The following memoir was contributed by Jeff Williams, continuing the "Favorite drum corps memories" theme from last week. I spent four years marching as a soprano player with the Phantom Regiment from 1996-1999. It's neat to learn about the history of drum corps, how we've come from where we were to where the activity is now. What a year 1996 was to be a rookie in the Regiment. This is about the legendary Regiment performance in the rain in 1996. I will never forget performing that night during tour in Madison, Wis. We marched onto the turf of Camp Randall Stadium in the rain. All during warm-up, we could tell the weather was threatening to do something, we just didn't know exactly what or when. As the corps arrived on the starting line, the sky began to open up while the horn line was off the field proper and the guard was in the center of the field. I was drenched through my "superman suit." The longer we waited, the harder the rain came down and we weren't really sure what was going to happen. The announcer didn't say anything for what seemed like 20 minutes. All of a sudden, out of the corner of my eye, I saw some really quick movement in the stands. David St. Angel, our corps director that year, was running down to field level to tell the judges and announcer to get the show on the road. The Regiment would perform! I don't remember who the announcer was that night, but as soon as he introduced our conductors, the crowd erupted. They weren't quiet enough to hear the four contras start the show with Shostakovich's "4th Ballet Suite," but hearing their response helped us all improve our posture by at least two inches before the step-off. Something special was about to happen and hopefully no one in the guard would get hurt by using wet, slippery equipment. As you recall, the "4th Ballet Suite" just built intensity through the entire piece. By the end, the crowd was in a frenzy and couldn't wait to scream for us. They were feeding off of us and we were excited by their energy. The show flowed effortlessly, yet we reached the crowd more than in any performance up to that point in the season, and did they ever respond. As we began the "5th Symphony," our closer, my set was close to the front of the form, but something sounded vastly different from our run through that day. I couldn't really hear the timpani. When I had the chance to look, our timpanist was banging away and wiping water off his drum heads at the same time, water bouncing what must have been five feet high with each stroke of the mallet. Then came the soprano feature and we drilled it. The crowd was on their feet before we ended the show. When our horns finally came down, the rain stopped. Just like that. Something special happened on the field in Madison that night. We could feel it, but couldn't put our finger on it. The crowd knew that they had just experienced a moment in life—lasting about 11 minutes—that few will ever experience. I had a friend that year in Madison Scouts. He and I were the only two from tiny Olivet Nazarene University near Kankakee, Ill., marching in a Drum Corps International corps. That night, he was sitting just below the press box right below the judges. After the show was over that night, he found me by our buses to tell me how amazing our performance was that night. That meant so much to me and later to many in the corps. We were disappointed in the scoring results that night. After all, we were the only corps to perform in a monsoon! But I guess we made up for it with a relatively good week later in Orlando, Fla. As I look at the grander scheme of things, we rose to the occasion because there was some adversity—pouring rain. As successful people and organizations do when they encounter adversity, we stepped up to the plate and took a shot at a great performance. The crowd loved watching us succeed which in turn helped us to succeed. That show was one of about four performances that stick out from my mind from that summer. The first show I remember was our first show in Toledo. My grandma—who made it a financial possibility for me to march—was there to see that very first show. Three weeks later she had a major stroke and never fully recovered. The final show that sticks out is our championship victory performance. Our "finals" show was amazing and loud, but our victory performance was twice as good and three times louder.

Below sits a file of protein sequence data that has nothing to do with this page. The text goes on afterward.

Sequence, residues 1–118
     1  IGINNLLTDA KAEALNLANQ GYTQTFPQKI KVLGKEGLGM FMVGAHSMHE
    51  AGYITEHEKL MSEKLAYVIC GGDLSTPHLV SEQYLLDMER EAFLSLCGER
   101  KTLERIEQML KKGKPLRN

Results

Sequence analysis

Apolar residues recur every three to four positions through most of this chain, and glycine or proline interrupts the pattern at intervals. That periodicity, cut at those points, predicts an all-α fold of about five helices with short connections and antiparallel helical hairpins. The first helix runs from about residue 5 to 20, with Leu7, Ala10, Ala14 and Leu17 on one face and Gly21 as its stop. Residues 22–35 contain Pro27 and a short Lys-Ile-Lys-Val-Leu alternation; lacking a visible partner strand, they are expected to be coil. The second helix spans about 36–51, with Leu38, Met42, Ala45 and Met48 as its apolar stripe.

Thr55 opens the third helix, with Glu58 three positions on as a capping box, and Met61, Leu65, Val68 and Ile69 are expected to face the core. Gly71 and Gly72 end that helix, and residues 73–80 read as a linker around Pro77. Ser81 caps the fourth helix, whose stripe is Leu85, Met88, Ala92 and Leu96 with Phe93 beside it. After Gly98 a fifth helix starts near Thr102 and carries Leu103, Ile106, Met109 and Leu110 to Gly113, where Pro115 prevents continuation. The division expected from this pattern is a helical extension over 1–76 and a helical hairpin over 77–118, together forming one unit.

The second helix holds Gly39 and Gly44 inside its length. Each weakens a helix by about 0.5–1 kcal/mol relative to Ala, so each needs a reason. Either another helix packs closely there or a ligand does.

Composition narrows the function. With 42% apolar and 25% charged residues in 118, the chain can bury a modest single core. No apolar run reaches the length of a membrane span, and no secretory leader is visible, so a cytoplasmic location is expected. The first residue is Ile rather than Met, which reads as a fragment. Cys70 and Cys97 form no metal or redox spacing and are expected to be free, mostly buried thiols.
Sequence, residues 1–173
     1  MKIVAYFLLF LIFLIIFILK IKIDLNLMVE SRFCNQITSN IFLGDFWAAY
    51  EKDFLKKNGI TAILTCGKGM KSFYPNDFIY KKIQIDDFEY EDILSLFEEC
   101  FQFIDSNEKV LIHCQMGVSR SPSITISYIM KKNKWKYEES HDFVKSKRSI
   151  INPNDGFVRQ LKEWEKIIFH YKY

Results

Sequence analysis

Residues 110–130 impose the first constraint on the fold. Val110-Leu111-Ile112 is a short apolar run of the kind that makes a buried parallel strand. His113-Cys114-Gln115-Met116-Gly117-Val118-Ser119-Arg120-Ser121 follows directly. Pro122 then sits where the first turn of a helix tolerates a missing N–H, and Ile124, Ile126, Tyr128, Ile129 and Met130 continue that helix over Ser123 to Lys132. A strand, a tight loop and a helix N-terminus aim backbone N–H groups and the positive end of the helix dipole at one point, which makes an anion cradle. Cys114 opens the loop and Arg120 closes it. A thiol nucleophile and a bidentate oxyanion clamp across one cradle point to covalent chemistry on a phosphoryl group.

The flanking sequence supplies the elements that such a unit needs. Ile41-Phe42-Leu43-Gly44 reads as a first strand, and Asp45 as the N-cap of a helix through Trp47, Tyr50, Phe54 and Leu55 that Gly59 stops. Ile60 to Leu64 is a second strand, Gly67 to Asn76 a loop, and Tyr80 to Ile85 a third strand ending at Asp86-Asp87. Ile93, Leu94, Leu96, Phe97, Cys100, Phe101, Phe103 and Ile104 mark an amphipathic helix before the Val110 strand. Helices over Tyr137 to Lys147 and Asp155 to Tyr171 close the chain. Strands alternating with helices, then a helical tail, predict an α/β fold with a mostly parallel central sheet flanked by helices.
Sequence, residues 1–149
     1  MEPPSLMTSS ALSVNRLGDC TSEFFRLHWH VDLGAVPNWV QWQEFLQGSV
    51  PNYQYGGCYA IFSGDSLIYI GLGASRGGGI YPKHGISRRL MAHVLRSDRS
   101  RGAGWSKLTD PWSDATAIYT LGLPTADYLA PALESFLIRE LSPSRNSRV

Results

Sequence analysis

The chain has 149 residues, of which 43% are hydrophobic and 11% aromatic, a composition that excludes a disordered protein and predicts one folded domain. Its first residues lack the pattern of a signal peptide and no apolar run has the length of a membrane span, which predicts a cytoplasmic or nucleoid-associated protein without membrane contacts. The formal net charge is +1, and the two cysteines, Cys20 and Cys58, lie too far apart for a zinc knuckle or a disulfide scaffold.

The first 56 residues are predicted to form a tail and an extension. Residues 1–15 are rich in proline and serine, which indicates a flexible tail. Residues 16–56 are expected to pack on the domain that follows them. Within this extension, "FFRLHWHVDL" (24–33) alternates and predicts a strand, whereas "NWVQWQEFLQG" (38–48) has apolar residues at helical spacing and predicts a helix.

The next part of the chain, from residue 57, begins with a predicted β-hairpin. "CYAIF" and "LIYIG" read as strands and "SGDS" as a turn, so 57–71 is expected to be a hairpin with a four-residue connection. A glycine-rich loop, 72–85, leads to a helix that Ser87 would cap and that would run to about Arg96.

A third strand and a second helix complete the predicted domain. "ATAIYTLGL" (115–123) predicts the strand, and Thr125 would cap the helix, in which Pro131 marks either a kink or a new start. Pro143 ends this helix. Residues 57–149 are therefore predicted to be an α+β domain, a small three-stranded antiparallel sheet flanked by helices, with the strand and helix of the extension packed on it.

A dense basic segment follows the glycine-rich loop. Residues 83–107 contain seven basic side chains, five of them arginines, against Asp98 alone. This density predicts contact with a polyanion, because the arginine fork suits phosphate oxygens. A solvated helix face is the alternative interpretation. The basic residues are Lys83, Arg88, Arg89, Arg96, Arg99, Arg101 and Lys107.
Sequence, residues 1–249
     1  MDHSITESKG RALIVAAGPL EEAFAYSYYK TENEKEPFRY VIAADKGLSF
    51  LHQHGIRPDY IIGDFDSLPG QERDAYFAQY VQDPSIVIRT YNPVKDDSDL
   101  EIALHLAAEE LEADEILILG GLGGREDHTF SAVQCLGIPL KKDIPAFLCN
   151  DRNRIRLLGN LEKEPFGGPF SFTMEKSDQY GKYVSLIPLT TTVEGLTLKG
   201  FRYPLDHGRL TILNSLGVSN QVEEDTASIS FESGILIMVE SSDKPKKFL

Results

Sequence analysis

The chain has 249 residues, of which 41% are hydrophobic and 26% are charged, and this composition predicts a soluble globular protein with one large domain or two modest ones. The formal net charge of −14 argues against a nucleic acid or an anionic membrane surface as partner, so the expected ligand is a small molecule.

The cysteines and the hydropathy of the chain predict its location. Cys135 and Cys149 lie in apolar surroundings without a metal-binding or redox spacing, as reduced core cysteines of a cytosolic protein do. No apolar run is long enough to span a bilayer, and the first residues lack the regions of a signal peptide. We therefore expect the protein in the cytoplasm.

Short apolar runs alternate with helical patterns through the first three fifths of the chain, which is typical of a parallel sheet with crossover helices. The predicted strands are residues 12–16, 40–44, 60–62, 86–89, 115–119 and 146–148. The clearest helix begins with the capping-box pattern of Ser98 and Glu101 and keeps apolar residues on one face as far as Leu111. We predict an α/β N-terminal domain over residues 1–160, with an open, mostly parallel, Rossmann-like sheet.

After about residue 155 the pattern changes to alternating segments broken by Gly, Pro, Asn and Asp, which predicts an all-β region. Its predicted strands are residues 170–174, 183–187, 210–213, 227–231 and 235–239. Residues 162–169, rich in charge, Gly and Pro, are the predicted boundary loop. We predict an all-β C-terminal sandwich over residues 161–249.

Editorial assistance by Michael Boo. Fanfare archives